process and panic, another young death

This was originally posted a couple of years ago, 2015.  It was auto-posted again recently, so here it is again.  When I read about Jonathan Ferrell I was shocked.  When I saw his photo I was not. I say that because he was a young black man. This is what is as terrifying to police as an armed person. I say that with sadness and bitterness towards all sides.   To one side for cultivating such an image and the other for being blinded by it.  Blame is too complex to administer properly, energy is better spent on remedies.

“This is Jonathan Ferrell. He was in a serious car accident 2:30am, Saturday, in N. Carolina. He had crawled through the back window of his car and made his way to a nearby house. The woman who answered the door called the police for him.

When the police arrived, Jonathan was perhaps so excited to see help that he ran to them. Unarmed. He was shot dead, after being tazed.

Jonathan was 24. He had been a football player at Florida A&M. He had just gotten engaged. “He was described as a peaceful, loving and gracious person with a bright future”.

The officer, Randall Kerrick, that killed him has been charged with voluntary manslaughter. In most cases like this the officer does not serve jail time nor a sentence. Some return to active duty. There is a public call to prevent Officer Kerrick from returning to the force.

Jonathan had no arrest recored and was not known as a violent person.”

– from Facebook

“Ferrell was unarmed at the time he was shot.[3] He crashed his car, went to a house in the Bradfield Farms neighborhood and “banged on the door”, The resident Sarah McCartney called the police, and three officers came.[4][5][6][7] Ferrell then ran towards them, whereupon one of the officers fired a taser at Ferrell and missed.[2] Kerrick then opened fire on Ferrell, shooting him twelve times and killing him.[2]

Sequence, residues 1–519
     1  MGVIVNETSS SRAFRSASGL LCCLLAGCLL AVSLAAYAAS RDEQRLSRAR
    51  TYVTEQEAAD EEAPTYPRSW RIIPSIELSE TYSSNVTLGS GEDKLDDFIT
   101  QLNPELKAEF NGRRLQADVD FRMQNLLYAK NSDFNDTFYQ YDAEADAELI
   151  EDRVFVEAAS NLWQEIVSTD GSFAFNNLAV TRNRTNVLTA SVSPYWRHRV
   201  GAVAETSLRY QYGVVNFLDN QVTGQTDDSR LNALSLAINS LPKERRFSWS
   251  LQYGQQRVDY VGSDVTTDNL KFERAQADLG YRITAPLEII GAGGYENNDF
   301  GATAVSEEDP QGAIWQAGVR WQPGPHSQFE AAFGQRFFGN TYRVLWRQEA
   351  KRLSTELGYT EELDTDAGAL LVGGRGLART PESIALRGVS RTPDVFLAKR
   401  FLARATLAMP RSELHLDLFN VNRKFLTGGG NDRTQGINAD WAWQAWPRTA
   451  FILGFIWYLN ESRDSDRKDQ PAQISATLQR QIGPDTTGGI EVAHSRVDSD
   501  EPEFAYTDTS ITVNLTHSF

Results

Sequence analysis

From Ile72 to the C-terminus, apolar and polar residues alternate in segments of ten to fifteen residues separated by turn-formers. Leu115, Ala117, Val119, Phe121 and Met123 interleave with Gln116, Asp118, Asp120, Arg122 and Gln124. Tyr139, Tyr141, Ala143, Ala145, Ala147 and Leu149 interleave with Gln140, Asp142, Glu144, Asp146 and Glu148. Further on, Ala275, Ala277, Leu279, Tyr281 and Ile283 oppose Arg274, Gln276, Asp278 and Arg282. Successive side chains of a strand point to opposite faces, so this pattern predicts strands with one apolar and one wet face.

Little had his Taser drawn, but the suspect continued to advance, Kerrick said, according to NBC station WCNC of Charlotte. Kerrick said he pulled his gun to back up Little because the Taser didn’t stop Ferrell.

Kerrick testified that he feared Ferrell might harm him and Little. As Ferrell began approaching, Kerrick backed up and yelled commands for him to stop and to get on the ground.

But “he wouldn’t stop,” Kerrick said. “He kept trying to get my gun.”  NBC News

A toxicology test of Ferrell’s blood showed he had a blood-alcohol level of 0.06, and had caffeine and nicotine in his system.”

Ferrell’s family filed a lawsuit against the City of Charlotte; settled with $2.25 million



Read more:

CNN Charlotte police kill ex-FAMU player who may have been running to them for help
NBC News Officer in Jonathan Ferrell Killing: ‘He Kept Trying to Get My Gun’

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